There is definitely a need to bring staff together to plan and to disseminate information, but how we do that is just as important.  We are telling teachers that they need to be less didactic and more interactive, but that's not always how inset sessions run.  Perhaps now I have an opportunity to lead by example.

Wednesday, 26 August 2015

So much to learn, so little time

I found this post from this time last year which I never got round to publishing.  The subjects may have changed, but the principle still remains!

Sept 2014

I've re-connected with my piano.  Last week I had it tuned, and just before he left, the piano tuner played a short but beautiful piece of music on it.  I sat in the other room and listened and it reminded me how much I love playing the piano, and how much I miss playing it.  So I've started playing again.  I picked up a piece of Chopin that I've tried to learn once before, and practiced, and it's been a joy.

What I need now is lots of time to practice.  But wait, I don't have lots of time.  In addition to getting back to the piano, I'm also two weeks into an online Mobile App course, learning about the ins and outs of Android applications, Eclipse, SDK's, Java and XML.  I'm really enjoying the course, but it's very hard with so many system tweaks and downloads, and complex programming and packaging.

And then in a week's time, the Introduction to Guitar Playing starts on Coursera.  I've already delayed starting this course twice because of lack of time, but I think I'd love to be able to play the guitar, and apart from a couple of chords and one short piece, I've never really dedicated much time to it.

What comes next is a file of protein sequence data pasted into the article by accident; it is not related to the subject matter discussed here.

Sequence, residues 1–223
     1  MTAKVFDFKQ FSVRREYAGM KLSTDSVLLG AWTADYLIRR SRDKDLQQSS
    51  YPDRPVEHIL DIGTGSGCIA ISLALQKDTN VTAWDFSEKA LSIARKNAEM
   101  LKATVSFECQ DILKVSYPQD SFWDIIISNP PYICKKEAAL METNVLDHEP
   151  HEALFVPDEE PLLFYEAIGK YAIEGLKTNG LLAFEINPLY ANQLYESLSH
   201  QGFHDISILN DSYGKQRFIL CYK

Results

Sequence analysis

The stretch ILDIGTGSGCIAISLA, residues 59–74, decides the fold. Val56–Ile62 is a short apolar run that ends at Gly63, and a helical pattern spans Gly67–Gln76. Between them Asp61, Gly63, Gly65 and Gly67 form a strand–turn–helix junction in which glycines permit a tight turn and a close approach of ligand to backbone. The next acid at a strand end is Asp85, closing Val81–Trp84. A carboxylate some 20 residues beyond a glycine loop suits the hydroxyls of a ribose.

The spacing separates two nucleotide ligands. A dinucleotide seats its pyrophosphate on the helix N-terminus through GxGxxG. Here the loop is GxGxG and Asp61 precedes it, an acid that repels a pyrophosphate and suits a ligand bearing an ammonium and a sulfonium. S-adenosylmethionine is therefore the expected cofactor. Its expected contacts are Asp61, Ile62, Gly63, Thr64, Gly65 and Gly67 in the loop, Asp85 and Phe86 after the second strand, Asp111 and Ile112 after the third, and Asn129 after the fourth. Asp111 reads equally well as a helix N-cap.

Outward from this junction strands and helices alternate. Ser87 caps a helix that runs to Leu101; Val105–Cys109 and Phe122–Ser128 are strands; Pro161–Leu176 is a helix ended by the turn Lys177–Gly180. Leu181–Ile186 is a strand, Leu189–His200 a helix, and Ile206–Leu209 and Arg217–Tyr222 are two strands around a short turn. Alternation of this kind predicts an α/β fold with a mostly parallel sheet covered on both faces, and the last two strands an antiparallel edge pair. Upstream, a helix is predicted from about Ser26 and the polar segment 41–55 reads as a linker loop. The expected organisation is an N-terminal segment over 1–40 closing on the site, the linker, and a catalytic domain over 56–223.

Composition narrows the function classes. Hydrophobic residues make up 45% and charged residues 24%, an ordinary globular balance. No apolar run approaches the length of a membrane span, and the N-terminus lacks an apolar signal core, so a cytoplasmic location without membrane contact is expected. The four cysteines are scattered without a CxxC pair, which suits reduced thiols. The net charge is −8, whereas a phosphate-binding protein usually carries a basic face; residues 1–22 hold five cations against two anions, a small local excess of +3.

I'm also getting to grips with MIT App Inventor for one of my modules at college - that's great fun too, and I'm looking forward to getting the learners enthused about what they can do with it.  I'm writing lesson plans for my Website Production class - next week it's client and server side scripting - that'll take a while to put together.  Soon, I'll be joining a Preparing to Teach class, so I'll need to refresh my memory on learning styles and theories for that.

I'd also really like to get to grips with a bit of Visual Basic programming, so that I can tinker further with my home automation system, getting lights to turn off after a certain amount of inactivity in a room - but I've never done Visual Basic before so that's proving quite challenging.